Figure 4-13 (d), (e)
Ronald J. Tocci and Neal S. Widmer
Digital Systems, Eighth Edition
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Looping Octets
D C D C
B A
B A
0 0
1 1
1 1
0 0
AB
B A
0 0
1 1
1 1
0 0
CD D C
B x
D C D C
B A
B A
1 1
1 1
1 1
1 1
AB
B A
0 0
0 0
0 0
0 0
CD D C
C x
Figure 4-14 (a), (b)
Ronald J. Tocci and Neal S. Widmer
Digital Systems, Eighth Edition
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Karnaugh Maps: Summary
The labelling of rows and columns with minterms is
critically important - adjacent neighbouring cells can
differ in only one bit
In looping pairs, quads or octets, top and bottom rows
are considered to be adjacent
In looping pairs, quads or octets, left and right columns
are considered to be adjacent
Any 1 can be looped as many times as necessary
- not just once
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Examples
D C D C
B A
B A
0 1
0 1
1 1
1 1
AB
B A
1 0
0 1
0 0
0 0
CD D C
C C
B A
B A
0 1
1 1
0 0
0 1
AB
B A
Simplify the functions X = F(A,B,C) and Y = G(A,B,C,D)
with K-maps as shown
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Dont Care Conditions
Some logic circuits can be designed so that there are
certain input conditions for which there are no specified
output levels
usually because these input conditions will never occur
certain combinations of input levels where we dont
care whether the output is HIGH or LOW.
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e.g. ( indicates dont care)
C C
B A
B A
0 0
0
1 1
1
AB
B A
can be treated as either a 1 a 0 to minimise the
number of terms
C C
B A
B A
0 0
0
1 1
1
AB
B A
A z
dont care treated as a 0
dont care treated as a 1
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Design Example
Problem Specification
An important building block in digital systems is a
comparator, something that compares the magnitude
of two binary numbers.
Design a combinational circuit that takes two 2-bit
binary numbers y
1
y
0
and x
1
x
0
as inputs and that
outputs 1 if an only if y
1
y
0
is greater than x
1
x
0
.
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Design Example
Truth Table
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Design Example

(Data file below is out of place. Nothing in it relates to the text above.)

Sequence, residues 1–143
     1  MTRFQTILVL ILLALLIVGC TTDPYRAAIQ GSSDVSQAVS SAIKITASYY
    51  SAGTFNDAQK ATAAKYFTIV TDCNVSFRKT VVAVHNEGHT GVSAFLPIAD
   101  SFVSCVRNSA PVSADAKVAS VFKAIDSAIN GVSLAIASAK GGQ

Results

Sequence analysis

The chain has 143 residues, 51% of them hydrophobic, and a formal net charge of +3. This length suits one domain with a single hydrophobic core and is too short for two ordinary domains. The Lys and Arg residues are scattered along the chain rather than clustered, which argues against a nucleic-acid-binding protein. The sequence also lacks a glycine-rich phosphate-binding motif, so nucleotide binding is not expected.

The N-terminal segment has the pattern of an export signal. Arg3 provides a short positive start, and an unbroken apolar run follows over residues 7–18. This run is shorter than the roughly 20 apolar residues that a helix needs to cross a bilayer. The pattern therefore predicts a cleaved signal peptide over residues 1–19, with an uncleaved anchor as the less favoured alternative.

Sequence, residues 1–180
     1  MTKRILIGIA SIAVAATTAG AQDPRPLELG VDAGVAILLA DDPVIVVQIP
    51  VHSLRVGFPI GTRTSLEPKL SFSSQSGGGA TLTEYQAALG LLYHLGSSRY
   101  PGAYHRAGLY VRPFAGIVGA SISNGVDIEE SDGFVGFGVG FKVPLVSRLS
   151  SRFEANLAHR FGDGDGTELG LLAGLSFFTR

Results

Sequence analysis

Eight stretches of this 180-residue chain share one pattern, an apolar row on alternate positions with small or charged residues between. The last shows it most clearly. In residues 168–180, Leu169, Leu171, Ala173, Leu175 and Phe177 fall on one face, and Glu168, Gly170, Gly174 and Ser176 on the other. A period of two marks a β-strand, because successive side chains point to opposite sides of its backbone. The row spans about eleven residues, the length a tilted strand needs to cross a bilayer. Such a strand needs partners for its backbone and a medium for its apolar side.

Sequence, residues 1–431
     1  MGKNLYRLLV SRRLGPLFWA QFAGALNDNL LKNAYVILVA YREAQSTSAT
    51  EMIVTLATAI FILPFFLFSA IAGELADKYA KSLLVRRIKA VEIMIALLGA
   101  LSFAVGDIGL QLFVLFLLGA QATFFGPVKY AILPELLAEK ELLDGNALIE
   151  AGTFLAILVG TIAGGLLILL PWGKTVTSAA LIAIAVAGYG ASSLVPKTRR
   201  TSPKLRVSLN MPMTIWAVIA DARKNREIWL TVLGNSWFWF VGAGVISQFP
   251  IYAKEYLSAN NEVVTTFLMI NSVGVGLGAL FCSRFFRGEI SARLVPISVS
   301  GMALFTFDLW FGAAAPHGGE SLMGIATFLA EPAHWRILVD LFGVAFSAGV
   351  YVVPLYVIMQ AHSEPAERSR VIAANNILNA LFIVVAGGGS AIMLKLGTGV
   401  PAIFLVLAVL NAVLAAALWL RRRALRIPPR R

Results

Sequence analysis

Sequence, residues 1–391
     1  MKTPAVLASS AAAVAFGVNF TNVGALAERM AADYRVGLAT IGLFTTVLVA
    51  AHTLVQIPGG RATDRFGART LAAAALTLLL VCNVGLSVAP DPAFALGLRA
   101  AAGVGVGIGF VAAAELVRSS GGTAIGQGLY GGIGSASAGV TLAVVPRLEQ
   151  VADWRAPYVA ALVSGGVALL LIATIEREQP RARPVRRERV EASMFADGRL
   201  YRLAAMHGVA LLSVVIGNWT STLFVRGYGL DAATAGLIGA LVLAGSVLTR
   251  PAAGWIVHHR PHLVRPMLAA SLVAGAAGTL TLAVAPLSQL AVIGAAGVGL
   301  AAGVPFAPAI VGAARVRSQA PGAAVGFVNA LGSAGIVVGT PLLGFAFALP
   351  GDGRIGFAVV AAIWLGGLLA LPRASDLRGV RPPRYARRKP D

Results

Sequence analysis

Simplify using Karnaugh Map
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Next Lecture
Digital Systems: Tradeoffs, Modularity and PLDs (Part 1)
Binary Adders
Reading:
Lecture D08 overheads
Section 7.3.4 of Brockman
Sections 6.1, 6.10 and 6.11 of Tocci
Engineering Systems Design 2
Lecture D08
Digital Systems: Tradeoffs, Modularity and PLDs (Part 1)
(Section 7.3.4 in Brockman,
Sections 6.1, 6.10 and 6.11 in Tocci)
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Outline
Binary addition
Ripple-carry adder
Full adder circuit
Carry propagation
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Binary Addition
Circuits to add two n-bit binary numbers are central to almost all
digital systems from computers (in the arithmetic-logic unit or ALU),
to MP3 players and to the speech processor in your mobile phone.
We cannot use the design approach from Lectures D06 and D07 to
design a circuit to add two 16-bit numbers. The circuit would have
32 inputs and 17 outputs and the truth table would have more than
4.2 billion rows!
We need to look for structure in the problem and break the design
down into smaller, more manageable chunks.
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Binary Addition
Lets start by looking at the way that we add numbers by hand.
Add the following 8-bit binary numbers:
1 0 1 1 0 0 1 1
0 1 0 1 1 1 1 1
(You can check your answer by converting the two binary
numbers and their binary sum to decimal.)
Can we design an adder circuit that uses a similar approach?
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Binary Addition
Figure 6-4
Ronald J. Tocci and Neal S. Widmer
Digital Systems, Eighth Edition
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Ripple-Carry Adder
Figure 6-5
Ronald J. Tocci and Neal S. Widmer
Digital Systems, Eighth Edition
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Design of a Full Adder
Figure 6-6
Ronald J. Tocci and Neal S. Widmer
Digital Systems, Eighth Edition
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Exercise
Derive expressions for S in sum-of-products form and
then in terms of XOR operations.
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Exercise
Derive an expression for C
OUT
in sum-of-products form.
(See also Lecture D06)
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Full Adder Circuit
Figure 6-7
Ronald J. Tocci and Neal S. Widmer
Digital Systems, Eighth Edition
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Ripple Carry Adder
Figure 6-5
Ronald J. Tocci and Neal S. Widmer
Digital Systems, Eighth Edition
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Carry Propagation
Speed of parallel adder is limited by carry propagation or carry ripple.
In an n-bit adder, the most significant bit will not reach its final value
until after n full-adder propagation delays.
Can be solved by look-ahead carry, at the expense of extra circuitry.
Many integrated-circuit adders use look-ahead carry.
This is an example of the classic tradeoff
between space (how much circuitry) and time
(propagation delay)
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Next Lecture
Digital Circuits: Tradeoffs, Modularity and PLDs (Part 2)